Alban's Blog

Last Second Kind of Guy in Seoul

I am a last second kind of guy. Do you know people like that? Always late, not out of arrogance, but because there is always so much to do in the last seconds before one has to leave. And when do I plan to leave? Always so that I don’t have to wait – be it for meetings, concerts, trains, airplanes; check-in two hours before? Not with me! Security lines? I don’t care – I don’t want to arrive at the airport earlier than 1h10 min, with a maximum of 5 minutes extra time for disaster (flat tire, accident, traffic jam, missed train etc.).

That’s all very easy if you know where you are – but what to do if you depend on other people driving you and telling you what to do? Oh, I hate it, I want to be the chief of my own schedule (sounds a bit like a control freak, which I am not, I just hate to depend on others people insufficiencies). As it now happened before I left for Seoul:

I returned from Toronto on a Saturday, having the week-end off to do some serious “quality-family-time-spending” in Berlin (long trip on our now two motor bikes, go-karting, movies, food, games etc.). While browsing through the mail I saw a large envelop from Korea. Even though I had decided not to waste my time with the mail, I opened it: my visa application!

It must have arrived 10 days ago, but I had left already to the US. Who screwed this one up? Language barriers: the guy from the KBS orchestra (must be a Mr. Kim, every other person there is called Kim 🙂 ) had written an e-mail to my manager asking where he should send the visa papers. She thought these were the papers I had to bring to Korea for immigration, but he took it for granted that we knew I had to apply with these at the Korean Embassy in Berlin. Anway, they arrived far too late…

To make a long story short: There was obviously no time to apply in Berlin for it, since it takes at least 7 days to process, so I entered Korea on a tourist visa (after having had to apply for a new passport which I might have lost on my trip back from Toronto – this only took 7 minutes in Berlin, can you believe it???), and Mr.Kim took me upon my arrival to the immigration office near Seoul (the driver had no idea where it was, so we were driving around for one hour until we found it) where we spent my first 2 hours after a wonderful 14 hour journey waiting in line for an immigration officer. Whose fault was it? Definitely not mine ! Who had to pay for it? Yessss – me, slowly falling asleep after having spent a night on an airplane.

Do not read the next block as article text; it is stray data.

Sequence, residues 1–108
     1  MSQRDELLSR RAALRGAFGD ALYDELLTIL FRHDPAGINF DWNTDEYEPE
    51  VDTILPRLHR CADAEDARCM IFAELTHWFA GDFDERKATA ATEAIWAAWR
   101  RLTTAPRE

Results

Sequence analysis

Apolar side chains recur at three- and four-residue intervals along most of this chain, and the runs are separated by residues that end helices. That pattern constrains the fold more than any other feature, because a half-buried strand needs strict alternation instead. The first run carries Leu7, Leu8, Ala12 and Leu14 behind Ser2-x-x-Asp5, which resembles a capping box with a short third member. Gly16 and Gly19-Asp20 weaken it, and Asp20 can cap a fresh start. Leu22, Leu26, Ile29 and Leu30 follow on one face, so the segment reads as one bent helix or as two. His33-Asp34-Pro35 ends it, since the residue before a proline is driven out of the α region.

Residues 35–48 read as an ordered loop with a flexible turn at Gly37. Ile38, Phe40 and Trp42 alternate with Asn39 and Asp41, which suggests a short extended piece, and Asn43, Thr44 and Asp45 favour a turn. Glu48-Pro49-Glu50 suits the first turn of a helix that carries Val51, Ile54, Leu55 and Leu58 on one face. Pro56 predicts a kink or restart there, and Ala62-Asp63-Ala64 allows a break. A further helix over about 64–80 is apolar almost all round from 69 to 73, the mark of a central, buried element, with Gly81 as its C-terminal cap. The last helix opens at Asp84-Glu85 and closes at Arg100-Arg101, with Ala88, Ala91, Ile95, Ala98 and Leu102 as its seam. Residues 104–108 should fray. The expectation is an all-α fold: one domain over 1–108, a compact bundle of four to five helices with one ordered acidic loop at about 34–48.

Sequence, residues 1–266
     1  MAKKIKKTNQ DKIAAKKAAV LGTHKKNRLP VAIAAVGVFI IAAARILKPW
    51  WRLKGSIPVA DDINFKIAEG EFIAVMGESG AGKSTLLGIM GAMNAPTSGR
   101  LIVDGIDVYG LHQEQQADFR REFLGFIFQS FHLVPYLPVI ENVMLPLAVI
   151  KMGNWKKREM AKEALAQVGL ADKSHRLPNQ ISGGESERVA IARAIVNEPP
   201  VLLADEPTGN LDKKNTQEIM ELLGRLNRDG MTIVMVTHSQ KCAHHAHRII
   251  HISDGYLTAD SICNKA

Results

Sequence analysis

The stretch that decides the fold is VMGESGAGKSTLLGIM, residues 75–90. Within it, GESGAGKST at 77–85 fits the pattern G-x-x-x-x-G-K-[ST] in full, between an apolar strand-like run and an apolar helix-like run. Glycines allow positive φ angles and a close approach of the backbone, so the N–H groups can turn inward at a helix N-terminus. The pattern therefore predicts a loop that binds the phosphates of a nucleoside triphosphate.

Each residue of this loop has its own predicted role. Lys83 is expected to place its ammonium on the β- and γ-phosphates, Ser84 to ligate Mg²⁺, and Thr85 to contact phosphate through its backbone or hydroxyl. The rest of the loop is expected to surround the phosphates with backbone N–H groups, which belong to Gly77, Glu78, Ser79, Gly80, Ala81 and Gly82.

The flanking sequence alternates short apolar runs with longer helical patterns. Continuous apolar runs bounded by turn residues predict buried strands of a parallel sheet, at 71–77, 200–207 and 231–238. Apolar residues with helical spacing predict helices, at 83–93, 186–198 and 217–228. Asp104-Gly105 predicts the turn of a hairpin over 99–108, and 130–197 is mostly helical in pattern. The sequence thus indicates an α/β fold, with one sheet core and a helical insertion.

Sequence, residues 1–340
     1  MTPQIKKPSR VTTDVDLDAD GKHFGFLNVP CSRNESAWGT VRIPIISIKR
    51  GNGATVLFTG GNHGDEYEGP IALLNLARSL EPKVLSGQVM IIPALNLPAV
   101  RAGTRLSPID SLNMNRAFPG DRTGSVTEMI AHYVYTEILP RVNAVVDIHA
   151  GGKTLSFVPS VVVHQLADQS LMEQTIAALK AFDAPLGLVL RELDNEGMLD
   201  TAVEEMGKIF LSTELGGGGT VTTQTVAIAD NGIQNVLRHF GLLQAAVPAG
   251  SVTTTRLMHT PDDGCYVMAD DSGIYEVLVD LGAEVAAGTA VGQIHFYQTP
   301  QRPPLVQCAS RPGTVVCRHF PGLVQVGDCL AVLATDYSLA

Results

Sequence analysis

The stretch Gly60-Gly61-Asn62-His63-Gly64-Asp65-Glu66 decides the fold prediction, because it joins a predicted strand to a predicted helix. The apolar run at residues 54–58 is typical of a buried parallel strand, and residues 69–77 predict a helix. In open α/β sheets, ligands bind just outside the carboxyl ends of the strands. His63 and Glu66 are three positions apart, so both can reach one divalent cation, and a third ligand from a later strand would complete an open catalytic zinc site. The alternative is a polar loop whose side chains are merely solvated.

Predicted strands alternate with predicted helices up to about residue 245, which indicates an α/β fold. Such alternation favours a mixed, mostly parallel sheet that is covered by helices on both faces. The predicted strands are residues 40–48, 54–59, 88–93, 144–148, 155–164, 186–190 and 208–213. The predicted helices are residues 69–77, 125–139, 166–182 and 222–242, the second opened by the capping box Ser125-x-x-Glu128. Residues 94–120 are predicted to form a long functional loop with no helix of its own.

Now I just finished the second concert, live radio and TV broadcast, and I wanted to meet a friend after my piece (Schumann again) was over, before being brought back to the airport (flight at 0:20 am). I had a 10 minute argument with the driver who insisted that we had no time to loose, since it takes at least 90 minutes to drive to the airport, and I had to be there 2 hours in advance. I told him that I could easily live with 70 minutes while he threatened me with the tight security in Korea (having to take the belt off, as well as the laptop out of the bag – aha, what’s new…).

Finally I won, we left one hour later than he had insisted upon; and guess what? It took only 55 minutes to the airport, and we still got there almost two hours ahead of time. You understand now why I don’t like to rely on other people? I’d rather spend an hour on the internet researching how long it takes to get from x to y in order to save 25 minutes pretty, smart, hein? I know, I am stupid, but I don’t like to wait at airports!!!!

For all people who don’t travel so often: yes, they say “be there 2 hours before departure”, but this is for the “general” audience. If everybody would arrive at check-in 70 minutes in advance, they wouldn’t manage to board everybody, but be assured, there are enough people who are arriving 3 hours early because they are so scared to miss their flight, so there is no danger in arriving last 🙂 . And I haven’t missed an airplaned since 2000, and this was when the Paddington Express suddenly stopped for half hour (London Heathrow, everybody’s favourite airport ).

Back to today: at the end it was the fastest check-in ever as well as security check, 10 minutes altogether. Gave me more time to write another blog.


  • Josh Rappaport from Harrisburg Pennsylvania

    Do you ever get scared whenever you’re in a bigger city with a bigger orchestra on a bigger stage? This is why I wouldn’t want to be a musician, or at least not one in a place like New York, Chicago, London, Paris, Poland, or anywhere like that. The musicians there are way too busy and unfriendly? Do you think these people are as unfriendly as I think they are?

  • Alban

    Actually, most musicians are extremely friendly, and if they are not, I learned by now to ignore it. No, I don’t get more nervous on bigger stages, except in Berlin, which as my hometown always makes me more nervous than other cities, any stage there…

  • Josh Rappaport from Harrisburg Pennsylvania

    I’ve also recently discovered that when I most recently went to the New York Philharmonic, met the famous violinist Julian Rachlin(very nice guy), and principal trumpetist Phillip Smith(I got his autograph. Yay!). I still might agree that Avery Fisher doesn’t provide the proper safety and comfort needed, but it always is an enjoyable experience seeing a concert anywhere.


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